Hypnosis, Meditation, and Relaxation for Pain

Stress and pain often go hand in hand. Hypnosis, meditation, and relaxation may help break the cycle.

If you’re thinking about trying these ways to work on your pain, you’ll want to know what to expect and how well they work.

Hypnosis (Hypnotherapy)

If you’re picturing a stage act led by a man with a swinging watch who gets volunteers to walk like a chicken or bark like a dog, forget that. Clinical hypnosis is a real therapy in which you learn how to use the power of your mind to help make positive changes. And you’re in control.

During hypnosis, you’ll focus on relaxation and letting go of distracting thoughts. You may become more open to specific suggestions and goals, such as lowering pain. After your session, your therapist will go over the things that you can do to help you reach those goals.

Research shows that medical hypnosis can help with both sudden (acute) and long-term (chronic) pain from cancer, burns, and rheumatoid arthritis. It may also ease the anxiety some people feel before surgery.

When researchers at Mount Sinai School of Medicine in New York analyzed 18 studies, they found moderate to large pain-relieving effects from hypnosis, supporting its use for pain management.

To find a licensed hypnotherapist, speak to your doctor or contact the American Society of Clinical Hypnosis.

Meditation

Meditation is like brain training. Anyone can do it -- anytime, anywhere.

Studies suggest that making meditation a habit may help people manage their pain and self-esteem and lower their anxiety, depression, and stress.

The details vary, depending on what type of meditation you choose to do, but it comes down to spending a few minutes (or longer) focusing your attention on one thing -- such as your breathing or a word or phrase that inspires or comforts you. As you meditate, other thoughts are bound to come up. That’s OK. Just direct your attention back to the thing you chose to focus on.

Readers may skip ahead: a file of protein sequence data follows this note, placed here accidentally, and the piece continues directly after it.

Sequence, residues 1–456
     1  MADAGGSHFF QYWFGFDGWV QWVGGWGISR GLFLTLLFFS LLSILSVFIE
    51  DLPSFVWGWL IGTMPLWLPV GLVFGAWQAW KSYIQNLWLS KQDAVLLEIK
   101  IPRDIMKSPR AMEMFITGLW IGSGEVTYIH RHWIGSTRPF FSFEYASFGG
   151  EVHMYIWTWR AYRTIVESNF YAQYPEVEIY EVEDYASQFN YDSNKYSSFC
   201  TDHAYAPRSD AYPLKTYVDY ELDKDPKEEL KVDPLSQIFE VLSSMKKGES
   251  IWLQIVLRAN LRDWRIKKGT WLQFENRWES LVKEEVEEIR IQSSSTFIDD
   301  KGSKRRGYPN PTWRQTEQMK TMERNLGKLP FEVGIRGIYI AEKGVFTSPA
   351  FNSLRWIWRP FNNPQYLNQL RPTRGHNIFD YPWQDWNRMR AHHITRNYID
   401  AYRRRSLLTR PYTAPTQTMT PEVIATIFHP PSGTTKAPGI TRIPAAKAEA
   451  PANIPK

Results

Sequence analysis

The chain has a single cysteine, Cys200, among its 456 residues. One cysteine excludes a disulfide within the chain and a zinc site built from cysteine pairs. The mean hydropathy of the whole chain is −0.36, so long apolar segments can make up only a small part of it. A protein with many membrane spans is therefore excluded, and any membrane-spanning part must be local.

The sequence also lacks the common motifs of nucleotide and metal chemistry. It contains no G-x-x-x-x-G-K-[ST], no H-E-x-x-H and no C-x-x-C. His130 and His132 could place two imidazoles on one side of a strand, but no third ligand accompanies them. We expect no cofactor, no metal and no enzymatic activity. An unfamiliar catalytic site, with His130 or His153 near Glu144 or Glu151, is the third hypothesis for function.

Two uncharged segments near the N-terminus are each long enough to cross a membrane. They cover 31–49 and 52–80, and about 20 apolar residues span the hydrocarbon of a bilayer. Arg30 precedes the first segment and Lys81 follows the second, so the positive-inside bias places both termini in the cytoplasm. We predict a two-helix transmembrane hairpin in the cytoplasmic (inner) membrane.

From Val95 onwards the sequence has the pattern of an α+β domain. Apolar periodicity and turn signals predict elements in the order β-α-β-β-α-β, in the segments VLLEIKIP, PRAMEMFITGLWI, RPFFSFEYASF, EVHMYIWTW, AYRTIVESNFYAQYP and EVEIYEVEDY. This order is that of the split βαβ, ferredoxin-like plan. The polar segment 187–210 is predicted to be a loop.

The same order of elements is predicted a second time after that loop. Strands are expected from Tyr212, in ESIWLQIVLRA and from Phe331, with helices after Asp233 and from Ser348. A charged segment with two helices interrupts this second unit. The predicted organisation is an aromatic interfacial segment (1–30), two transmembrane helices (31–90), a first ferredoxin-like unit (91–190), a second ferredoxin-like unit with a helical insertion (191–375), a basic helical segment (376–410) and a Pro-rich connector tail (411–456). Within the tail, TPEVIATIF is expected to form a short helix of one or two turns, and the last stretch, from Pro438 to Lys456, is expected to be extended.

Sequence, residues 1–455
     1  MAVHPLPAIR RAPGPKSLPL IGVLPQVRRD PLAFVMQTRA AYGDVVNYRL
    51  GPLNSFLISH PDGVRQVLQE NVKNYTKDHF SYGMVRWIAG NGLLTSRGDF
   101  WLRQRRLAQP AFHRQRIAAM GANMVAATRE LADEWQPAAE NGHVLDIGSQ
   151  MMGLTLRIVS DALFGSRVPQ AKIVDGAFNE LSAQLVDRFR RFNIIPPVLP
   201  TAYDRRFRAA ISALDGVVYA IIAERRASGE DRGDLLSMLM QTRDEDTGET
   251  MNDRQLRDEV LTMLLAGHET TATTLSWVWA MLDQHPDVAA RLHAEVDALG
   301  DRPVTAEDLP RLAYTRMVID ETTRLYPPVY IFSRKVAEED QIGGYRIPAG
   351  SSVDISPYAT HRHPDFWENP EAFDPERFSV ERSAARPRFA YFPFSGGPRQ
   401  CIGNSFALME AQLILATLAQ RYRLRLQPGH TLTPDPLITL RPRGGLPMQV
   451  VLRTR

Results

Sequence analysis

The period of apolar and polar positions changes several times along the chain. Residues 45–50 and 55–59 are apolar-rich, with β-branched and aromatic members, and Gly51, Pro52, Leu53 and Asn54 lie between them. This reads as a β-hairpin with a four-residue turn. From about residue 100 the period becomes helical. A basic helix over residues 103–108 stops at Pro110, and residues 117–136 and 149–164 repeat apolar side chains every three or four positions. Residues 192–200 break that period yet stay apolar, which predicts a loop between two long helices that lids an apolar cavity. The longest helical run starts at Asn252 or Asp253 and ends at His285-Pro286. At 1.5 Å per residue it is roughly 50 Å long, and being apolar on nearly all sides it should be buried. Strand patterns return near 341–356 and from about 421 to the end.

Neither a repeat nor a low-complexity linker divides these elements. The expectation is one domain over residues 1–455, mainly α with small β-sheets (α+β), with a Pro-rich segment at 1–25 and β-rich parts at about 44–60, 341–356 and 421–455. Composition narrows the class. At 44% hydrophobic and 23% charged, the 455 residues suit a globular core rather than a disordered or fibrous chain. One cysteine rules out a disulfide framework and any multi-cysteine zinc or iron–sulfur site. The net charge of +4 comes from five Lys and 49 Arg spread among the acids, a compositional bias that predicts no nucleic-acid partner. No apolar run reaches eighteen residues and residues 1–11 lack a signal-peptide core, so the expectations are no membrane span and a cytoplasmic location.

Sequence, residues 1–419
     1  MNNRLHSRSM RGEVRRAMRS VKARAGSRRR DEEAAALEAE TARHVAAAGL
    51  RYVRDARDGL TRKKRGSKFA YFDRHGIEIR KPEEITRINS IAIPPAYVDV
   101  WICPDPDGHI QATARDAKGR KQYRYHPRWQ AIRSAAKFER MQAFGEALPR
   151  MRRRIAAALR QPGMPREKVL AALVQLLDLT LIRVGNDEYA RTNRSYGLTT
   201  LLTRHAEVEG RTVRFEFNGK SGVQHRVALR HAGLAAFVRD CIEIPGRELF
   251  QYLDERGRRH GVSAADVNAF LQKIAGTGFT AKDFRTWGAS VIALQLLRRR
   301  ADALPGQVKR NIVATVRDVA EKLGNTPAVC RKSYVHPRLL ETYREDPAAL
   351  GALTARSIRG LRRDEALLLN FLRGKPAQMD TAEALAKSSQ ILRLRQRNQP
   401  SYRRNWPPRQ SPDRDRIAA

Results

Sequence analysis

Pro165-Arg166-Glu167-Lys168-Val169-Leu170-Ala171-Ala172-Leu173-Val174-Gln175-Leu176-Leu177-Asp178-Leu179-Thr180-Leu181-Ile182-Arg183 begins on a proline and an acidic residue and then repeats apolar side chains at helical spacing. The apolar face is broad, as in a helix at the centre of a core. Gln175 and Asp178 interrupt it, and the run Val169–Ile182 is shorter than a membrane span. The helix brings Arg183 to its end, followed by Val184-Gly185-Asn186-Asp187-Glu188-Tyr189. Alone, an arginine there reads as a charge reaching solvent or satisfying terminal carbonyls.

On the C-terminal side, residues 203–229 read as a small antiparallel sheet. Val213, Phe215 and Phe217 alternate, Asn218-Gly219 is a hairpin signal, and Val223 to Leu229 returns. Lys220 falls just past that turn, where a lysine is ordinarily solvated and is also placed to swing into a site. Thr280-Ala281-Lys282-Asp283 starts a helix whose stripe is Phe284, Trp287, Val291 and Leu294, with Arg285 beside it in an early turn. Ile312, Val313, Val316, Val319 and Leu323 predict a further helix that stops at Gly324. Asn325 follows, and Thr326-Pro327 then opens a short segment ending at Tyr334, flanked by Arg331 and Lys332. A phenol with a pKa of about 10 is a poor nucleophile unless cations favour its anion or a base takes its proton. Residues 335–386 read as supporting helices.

Meditation is safe to try in addition to (not instead of) treatments that your doctor recommends.

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Relaxation Therapies

These include techniques that aim to ease stress. In addition to meditation, the major types include:

Progressive muscle relaxation . You slowly tense each muscle group, hold the tension briefly, and then let it go. You’ll do this in a systematic way -- for instance, starting with the muscles in your toes and working your way up your body. It helps you become aware of -- and release -- areas where you’re tense.

If you have cardiovascular (heart) disease that’s not under good control, you should skip progressive muscle relaxation. Tensing your abdominal muscles can build up pressure in the chest cavity, slow your pulse, and hamper the flow of blood returning to the heart.

Autogenic training . This technique uses visual imagery and body awareness to help you relax. The person imagines being in a peaceful place and then focuses on different physical sensations, such as heaviness of the limbs or a calm heartbeat. People may practice on their own, creating their own images, or be guided by a therapist.

Breathing. It’s something you do every second of every day -- but often, we forget that it’s happening at all. You can practice tuning into your breathing as a form of meditation: in and out, in and out. You can also learn to do breathing exercises. For instance, you can breathe in slowly while you count to 4, hold your breath for 7 more counts, and then exhale for 8 counts.

The best way to learn relaxation techniques is with the help of a trained practitioner. Usually, these techniques are taught in a group class and then practiced regularly at home.

If you’ve had psychosis or epilepsy, you may want to speak with your doctor before trying meditation. There have been reports of some people having further acute episodes after deep and prolonged meditation.

Hypnosis or deep relaxation can sometimes worsen psychological problems in people with posttraumatic stress disorder or who are vulnerable to false memories. You should check with your doctor first.

WebMD Medical Reference Reviewed by Laura J. Martin, MD on June 10, 2017

Sources

SOURCES:

Continuum Health Partners: "Psychological/Mind-Body Therapies."

American Society of Clinical Hypnosis: "Common Questions About Hypnosis,” “Definition of Hypnosis,” “Selecting a Qualified Professional.”

The Journal of the American Medical Association, July 24-31, 1996.

Montgomery, G.H. International Journal of Clinical Hypnosis, April 2000.

Vickers, A. The Western Journal of Medicine, October 2001.

Breastcancer.org: "What is Meditation?"

University of Maryland Medical Center: "Relaxation Techniques."

NYU Langone Medical Center: "Relaxation Therapies."

News release, University of North Carolina, Charlotte.

National Center for Complementary and Integrative Health: “Meditation: In Depth.”

Arizona Center for Integrative Medicine: “4-7-8 Breath Relaxation Exercise.”

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